According to Esquire's Encyclopedia of 20th Century Men's Fashions, a gray jacket and white trousers like the ones worn by the man on the right in the also-from-Esquire illustration were once the most popular warm weather casual clothing combination. I have written before that it is a look that deserves resurrection, particularly combined with white bucks and a light-weight scarf worn over a tee shirt or polo. And, given a competent tailor, it would not be hard to do so.
The jacket is double breasted, a style that is counter-intuitive for warm weather, but the patch pockets hint at a quarter or buggy lining to permit air flow. The little additional warmth from the extra material across the chest is a small price to pay for fashion, particularly if it is executed in a high twist cloth like Fresco (J&J Minnis has a suitable light gray). And the combination of those same pockets and a set of mother of pearl buttons would ensure that no-one is likely to confuse it with an orphaned suit coat.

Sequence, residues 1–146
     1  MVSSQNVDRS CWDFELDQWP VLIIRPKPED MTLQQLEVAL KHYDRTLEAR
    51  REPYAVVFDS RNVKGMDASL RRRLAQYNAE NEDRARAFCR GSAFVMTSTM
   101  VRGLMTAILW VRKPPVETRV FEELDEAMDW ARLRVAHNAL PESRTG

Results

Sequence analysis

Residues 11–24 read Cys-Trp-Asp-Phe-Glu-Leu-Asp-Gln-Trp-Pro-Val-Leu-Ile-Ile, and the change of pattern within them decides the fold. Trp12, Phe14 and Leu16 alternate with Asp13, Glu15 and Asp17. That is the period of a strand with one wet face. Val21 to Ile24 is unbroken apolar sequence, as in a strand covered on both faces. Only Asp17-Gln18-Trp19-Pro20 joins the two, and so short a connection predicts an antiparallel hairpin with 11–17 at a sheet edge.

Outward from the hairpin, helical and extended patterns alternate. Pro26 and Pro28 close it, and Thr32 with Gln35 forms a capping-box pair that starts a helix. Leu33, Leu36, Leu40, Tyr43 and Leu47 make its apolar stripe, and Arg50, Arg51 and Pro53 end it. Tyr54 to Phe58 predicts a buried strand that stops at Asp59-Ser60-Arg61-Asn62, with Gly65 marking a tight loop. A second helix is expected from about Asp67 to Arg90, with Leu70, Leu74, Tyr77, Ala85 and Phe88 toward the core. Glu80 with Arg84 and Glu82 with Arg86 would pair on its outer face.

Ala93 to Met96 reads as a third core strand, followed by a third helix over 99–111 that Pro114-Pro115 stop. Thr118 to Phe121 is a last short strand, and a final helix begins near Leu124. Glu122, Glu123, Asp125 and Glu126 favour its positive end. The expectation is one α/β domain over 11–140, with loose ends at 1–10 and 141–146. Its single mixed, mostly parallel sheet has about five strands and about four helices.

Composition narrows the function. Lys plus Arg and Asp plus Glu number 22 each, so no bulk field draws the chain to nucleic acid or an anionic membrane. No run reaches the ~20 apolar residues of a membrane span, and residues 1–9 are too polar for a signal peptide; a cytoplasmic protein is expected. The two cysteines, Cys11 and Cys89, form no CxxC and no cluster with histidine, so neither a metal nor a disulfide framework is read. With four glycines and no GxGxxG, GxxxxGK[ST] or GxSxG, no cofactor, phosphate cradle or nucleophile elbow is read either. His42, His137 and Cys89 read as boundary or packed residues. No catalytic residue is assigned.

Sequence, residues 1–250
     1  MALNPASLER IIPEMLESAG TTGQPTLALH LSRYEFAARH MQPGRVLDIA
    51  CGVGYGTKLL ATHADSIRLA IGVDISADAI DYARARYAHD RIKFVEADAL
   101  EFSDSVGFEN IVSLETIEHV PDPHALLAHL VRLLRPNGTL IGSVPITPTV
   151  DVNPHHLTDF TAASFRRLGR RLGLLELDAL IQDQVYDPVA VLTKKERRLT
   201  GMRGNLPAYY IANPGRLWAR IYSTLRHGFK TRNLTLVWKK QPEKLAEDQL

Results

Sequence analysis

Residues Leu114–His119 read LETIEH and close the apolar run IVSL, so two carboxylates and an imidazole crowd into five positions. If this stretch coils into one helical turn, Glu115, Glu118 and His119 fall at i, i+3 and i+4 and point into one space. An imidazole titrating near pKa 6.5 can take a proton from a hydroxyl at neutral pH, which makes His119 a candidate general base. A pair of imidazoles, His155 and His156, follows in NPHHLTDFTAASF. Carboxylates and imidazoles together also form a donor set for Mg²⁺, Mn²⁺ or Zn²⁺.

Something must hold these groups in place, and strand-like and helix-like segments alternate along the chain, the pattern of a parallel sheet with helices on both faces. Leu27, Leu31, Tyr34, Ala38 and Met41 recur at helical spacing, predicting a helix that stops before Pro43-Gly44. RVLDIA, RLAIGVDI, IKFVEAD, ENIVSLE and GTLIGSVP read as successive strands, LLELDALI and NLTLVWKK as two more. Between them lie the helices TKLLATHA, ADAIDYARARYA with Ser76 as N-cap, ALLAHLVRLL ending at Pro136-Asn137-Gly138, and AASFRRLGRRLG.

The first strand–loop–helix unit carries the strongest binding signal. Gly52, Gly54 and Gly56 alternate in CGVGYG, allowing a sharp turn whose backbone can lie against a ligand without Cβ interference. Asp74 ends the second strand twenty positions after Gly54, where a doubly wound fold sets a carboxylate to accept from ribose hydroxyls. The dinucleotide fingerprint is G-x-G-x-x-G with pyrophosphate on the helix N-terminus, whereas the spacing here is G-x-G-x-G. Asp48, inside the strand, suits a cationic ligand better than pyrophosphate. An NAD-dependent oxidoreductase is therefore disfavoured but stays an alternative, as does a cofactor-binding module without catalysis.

Cream Irish linen is probably the best bet for the trousers. Dormeuil had a white 10 ounce flannel but I understand it is gone now, and flannel does not wear all that cool to begin with. For the rest, white buck is difficult but reversed calf shoes are not hard to find while Drake's London makes modal scarves that are light as air.
And that is one way to resurrect a great look from the past.